Microsoft pledge excluding primary competitors

Yesterday's media briefing by Microsoft on its pledge to release interoperability information for flagship products contained little actual news. Over the years Microsoft has made multiple similar pledges and they at times proved to be detrimental rather than beneficial for interoperability. Examining the terms of the Microsoft's latest action shows no major change of policy.

The announcement confirmed that Microsoft was planning to use its software patent portfolio against interoperating products by requiring a patent license for all commercial activity. This is consistent with its previous attempts at allowing competition only where it provides no actual challenge to its monopolies.

Microsoft's patent licences are incompatible with Free Software, the primary competitor to Microsoft in many markets. Almost all major competitors have made significant investments in Free Software and built substantial parts of their business on the principles of freedom of competition and innovation.

Free Software's freedoms to use, study, share and improve software without additional restrictions are key to the success and utility of Free Software in both commercial and non-commercial ICT infrastructure. They are also the basis for many of today's working examples of interoperability and competition.

Microsoft's announcement contains little more than a statement that they will support interoperability only under terms that disallow fair competition. Their press statements may indicate otherwise, but terms of release highlight this explicitly. There has never been a shortage of promises by Microsoft, but results are what must be considered rather than words.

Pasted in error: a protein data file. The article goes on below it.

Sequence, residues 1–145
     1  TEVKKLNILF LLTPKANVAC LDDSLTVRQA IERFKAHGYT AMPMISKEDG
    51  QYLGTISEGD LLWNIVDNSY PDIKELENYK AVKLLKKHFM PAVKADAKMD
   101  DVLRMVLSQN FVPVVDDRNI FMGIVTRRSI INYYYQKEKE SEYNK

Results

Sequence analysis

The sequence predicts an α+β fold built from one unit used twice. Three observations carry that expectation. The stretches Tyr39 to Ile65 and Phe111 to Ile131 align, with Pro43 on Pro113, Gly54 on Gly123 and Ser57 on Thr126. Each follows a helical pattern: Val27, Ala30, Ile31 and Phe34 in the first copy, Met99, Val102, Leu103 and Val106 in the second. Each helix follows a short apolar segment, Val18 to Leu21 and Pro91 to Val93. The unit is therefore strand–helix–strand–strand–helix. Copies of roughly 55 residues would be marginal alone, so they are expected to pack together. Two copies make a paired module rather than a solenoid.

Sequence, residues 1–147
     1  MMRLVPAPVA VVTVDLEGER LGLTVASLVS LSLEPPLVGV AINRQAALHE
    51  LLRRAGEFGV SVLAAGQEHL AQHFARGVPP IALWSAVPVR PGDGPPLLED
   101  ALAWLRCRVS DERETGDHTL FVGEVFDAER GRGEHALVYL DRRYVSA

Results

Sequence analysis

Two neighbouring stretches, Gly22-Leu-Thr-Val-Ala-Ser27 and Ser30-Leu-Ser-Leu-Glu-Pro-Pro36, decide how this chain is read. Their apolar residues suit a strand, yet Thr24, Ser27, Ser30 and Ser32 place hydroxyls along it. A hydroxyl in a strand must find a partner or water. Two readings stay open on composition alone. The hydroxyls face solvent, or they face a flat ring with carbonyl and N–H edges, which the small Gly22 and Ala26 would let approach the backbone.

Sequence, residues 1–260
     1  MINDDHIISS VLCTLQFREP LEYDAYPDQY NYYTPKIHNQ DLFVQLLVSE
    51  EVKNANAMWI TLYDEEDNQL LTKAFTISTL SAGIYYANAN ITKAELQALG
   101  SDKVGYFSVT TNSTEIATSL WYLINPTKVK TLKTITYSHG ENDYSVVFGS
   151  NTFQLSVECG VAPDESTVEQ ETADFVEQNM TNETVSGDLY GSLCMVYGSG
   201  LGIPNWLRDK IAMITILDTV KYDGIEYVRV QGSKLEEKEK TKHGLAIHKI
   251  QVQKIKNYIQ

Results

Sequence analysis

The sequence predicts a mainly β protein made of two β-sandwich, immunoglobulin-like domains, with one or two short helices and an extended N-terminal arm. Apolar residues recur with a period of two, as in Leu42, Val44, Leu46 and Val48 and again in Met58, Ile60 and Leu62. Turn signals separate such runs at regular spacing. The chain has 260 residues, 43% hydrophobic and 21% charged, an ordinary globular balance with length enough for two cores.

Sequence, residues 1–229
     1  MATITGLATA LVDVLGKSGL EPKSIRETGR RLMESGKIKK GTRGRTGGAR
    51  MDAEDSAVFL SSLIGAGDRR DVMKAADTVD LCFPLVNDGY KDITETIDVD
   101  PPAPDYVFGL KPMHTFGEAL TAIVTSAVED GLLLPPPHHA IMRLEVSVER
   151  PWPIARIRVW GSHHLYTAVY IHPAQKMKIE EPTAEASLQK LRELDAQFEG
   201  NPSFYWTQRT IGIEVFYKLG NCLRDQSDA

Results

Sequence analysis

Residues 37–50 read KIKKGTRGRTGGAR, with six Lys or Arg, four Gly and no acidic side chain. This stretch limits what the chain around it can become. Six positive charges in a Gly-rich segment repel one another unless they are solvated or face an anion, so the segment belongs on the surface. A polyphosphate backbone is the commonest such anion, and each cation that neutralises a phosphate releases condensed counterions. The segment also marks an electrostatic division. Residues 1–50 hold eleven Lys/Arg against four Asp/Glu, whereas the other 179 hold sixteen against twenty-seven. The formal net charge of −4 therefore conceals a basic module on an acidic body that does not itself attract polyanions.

Regrettably, the lack of substance in the pledge and the timing suggest that Microsoft is primarily hoping for positive media coverage and not an examination of the substance of their limited interoperability release.

It can be no coincidence that delegates are meeting in Geneva for the Ballot Resolution Meeting (BRM) during this period to discuss serious issues in the proposed MS-OOXML format, through which Microsoft aims to reaffirm their control over standards in the global marketplace.

If Microsoft truly means to facilitate interoperability and fair access they should spare delegates the BRM, retract MS-OOXML from ISO and converge this work into the global effort for the Open Document Format, the existing Open Standard at ISO for office documents.

They should also release full interoperability information for all their products without restrictions of any kind.

About the Free Software Foundation Europe:

The Free Software Foundation Europe (FSFE) is a non-profit non-governmental organisation active in many European countries and involved in many global activities. Access to software determines participation in a digital society. To secure equal participation in the information age, as well as freedom of competition, the Free Software Foundation Europe (FSFE) pursues and is dedicated to the furthering of Free Software, defined by the freedoms to use, study, modify and copy. Founded in 2001, creating awareness for these issues, securing Free Software politically and legally, and giving people Freedom by supporting development of Free Software are central issues of the FSFE.

Further information: http://fsfeurope.org